Off-the-beaten-path: Drag shows are a mainstay of Key West nightlife. You can catch performances every night at Aqua and 801 Bourbon Bar, located just a few blocks apart on Duval Street.
Outdoors: Fort Zachary Taylor Historic State Park is Key West’s only proper beach. Even though its shores are man-made (Key West is surrounded in part by a coral reef, which means no big waves and few natural dunes), it’s worth a visit just to marvel at the beautiful blue-green water.
High-end: Nine One Five is a welcome respite from the endless succession of raucous bars on Duval Street. The menu is eclectic, with an emphasis on island cuisine: grouper ceviche, smoked ahi tuna with saffron aioli, crispy whole yellowtail. But the fries are also to die for.
Brunch:: Snowbirds and locals alike rave about brunch at Sarabeth’s, a New American spot with a lovely patio for outdoor dining.
Where the locals go:: Sandy’s Cafe is a venerated hole-in-the-wall serving authentic Cuban fare — including probably the best, sloppiest Cuban sandwich in town. Order one with everything on it and grab a seat at the outdoor counter. Mind the
roosters. — Chelsea Edgar
Water, Water Everywhere
Getting back to nature on Captiva Island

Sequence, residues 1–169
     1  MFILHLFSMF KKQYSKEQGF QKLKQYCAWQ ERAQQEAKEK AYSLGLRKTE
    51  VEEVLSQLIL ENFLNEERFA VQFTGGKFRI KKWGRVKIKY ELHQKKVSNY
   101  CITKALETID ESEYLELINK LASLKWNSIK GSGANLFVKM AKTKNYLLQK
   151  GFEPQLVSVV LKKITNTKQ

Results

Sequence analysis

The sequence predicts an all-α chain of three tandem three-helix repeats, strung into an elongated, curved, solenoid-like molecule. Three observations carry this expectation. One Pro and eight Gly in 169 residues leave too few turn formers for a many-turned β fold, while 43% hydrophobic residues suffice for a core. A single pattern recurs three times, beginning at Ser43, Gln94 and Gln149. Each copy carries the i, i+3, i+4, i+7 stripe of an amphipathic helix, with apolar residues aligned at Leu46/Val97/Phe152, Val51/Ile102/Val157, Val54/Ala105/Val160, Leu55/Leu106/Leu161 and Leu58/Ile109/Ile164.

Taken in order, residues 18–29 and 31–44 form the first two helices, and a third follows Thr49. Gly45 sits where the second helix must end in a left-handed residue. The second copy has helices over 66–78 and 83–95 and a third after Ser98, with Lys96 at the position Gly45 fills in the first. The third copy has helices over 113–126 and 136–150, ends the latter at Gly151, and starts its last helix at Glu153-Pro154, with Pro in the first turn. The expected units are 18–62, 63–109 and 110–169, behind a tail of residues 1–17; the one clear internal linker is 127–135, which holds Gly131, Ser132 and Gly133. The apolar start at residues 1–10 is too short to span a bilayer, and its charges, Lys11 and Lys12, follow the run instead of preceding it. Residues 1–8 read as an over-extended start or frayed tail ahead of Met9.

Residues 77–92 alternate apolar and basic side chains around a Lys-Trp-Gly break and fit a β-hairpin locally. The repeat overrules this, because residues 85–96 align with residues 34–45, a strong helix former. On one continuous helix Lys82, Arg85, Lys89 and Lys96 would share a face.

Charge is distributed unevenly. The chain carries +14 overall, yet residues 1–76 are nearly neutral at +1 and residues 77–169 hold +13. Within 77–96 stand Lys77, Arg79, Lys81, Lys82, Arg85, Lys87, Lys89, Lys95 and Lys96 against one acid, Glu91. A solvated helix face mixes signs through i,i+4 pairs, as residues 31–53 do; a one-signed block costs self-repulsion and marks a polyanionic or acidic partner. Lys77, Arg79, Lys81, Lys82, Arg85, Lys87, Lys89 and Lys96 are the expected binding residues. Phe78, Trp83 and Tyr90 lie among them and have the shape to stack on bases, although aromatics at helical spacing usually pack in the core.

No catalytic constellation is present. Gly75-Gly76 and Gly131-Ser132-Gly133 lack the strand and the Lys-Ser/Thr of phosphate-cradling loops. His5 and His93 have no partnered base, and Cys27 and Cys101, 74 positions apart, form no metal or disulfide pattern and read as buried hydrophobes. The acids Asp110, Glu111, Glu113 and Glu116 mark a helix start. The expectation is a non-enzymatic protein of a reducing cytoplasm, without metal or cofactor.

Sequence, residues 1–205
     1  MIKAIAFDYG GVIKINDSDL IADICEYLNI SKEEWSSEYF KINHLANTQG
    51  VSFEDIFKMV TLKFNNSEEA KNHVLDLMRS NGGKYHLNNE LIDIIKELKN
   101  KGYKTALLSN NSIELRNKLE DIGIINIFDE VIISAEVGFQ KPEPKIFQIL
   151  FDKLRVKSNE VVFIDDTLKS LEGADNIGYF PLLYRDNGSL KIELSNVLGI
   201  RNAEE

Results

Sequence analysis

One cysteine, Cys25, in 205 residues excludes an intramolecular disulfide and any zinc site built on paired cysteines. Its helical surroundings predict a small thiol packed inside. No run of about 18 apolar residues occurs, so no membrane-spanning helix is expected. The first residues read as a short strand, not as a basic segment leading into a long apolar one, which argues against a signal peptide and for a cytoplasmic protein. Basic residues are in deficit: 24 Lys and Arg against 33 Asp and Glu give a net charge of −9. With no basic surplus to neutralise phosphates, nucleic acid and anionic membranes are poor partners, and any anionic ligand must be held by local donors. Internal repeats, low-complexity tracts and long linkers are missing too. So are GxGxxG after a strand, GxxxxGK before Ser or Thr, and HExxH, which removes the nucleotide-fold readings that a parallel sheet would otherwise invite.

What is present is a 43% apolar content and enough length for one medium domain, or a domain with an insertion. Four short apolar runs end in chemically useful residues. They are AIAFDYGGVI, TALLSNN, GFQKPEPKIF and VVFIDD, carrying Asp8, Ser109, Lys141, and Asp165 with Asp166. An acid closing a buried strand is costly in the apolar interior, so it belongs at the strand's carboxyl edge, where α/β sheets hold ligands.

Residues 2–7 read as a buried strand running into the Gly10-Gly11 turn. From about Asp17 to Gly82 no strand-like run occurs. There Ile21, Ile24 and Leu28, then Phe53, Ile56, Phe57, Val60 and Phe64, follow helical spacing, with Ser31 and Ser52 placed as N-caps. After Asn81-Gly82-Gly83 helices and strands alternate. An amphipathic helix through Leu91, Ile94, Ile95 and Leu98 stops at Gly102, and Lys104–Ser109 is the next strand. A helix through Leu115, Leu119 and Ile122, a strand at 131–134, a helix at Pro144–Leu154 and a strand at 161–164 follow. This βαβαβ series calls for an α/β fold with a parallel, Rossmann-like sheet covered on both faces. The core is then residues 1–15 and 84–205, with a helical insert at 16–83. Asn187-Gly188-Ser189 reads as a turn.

This tiny island off the southwest coast of Florida has the charm of Cape May, quiet beaches and all, plus a seemingly endless parade of wildlife to watch from wherever you set your sandals down.
Anyone who makes it out of the gates of the South Seas Island Resort during a stay here deserves a medal. With water everywhere you turn — miles of beaches with dolphin-speckled deep-blue water and a bevy of pools — multiple waterside bars, a golf course, and mouthwatering fish tacos you won’t mind eating over and over again, you’ll need Olympic-level strength to pull yourself away. 5400 Plantation Road; from $219.
Highbrow: Shelling is one of the island’s big draws, but if spending hours hunched in the Captiva Crouch, as locals call it, sounds like the opposite of relaxation, a visit to the quirky Bailey-Matthews National Shell Museum gives you a taste of the exotic finds minus the aching back.
Off-the-beaten-path: There’s no shortage of serene nooks that feel like they were plucked right out of a Nicholas Sparks novel, but the Chapel by the Sea, a century-old interfaith outpost right off the beach, is one worth taking a seat in.
Outdoors: J.N. Darling National Wildlife Refuge offers a change of scenery, with 6,400 acres of mangrove forest and marshes and four miles of walking trails. Just look out for alligators. Captiva Cruises keeps the water in view with trips lasting anywhere from 90 minutes to a half day. Opt for the Out-Island Cruise to check out Cabbage Key, a car-free hundred-acre island that feels about as far from Philly as you can get.
High-end: With walls decorated in everything Alice in Wonderland, the Mad Hatter makes over-the-top obsession look cute. Prepare to walk out stuffed with seafood, and obsessing over something yourself — the unforgettable phyllo-wrapped shrimp.
Brunch: Don’t expect white tablecloths at diner-style spot RC Otter’s. Do expect breakfast potatoes that will wipe away the morning-after pain of one too many piña coladas.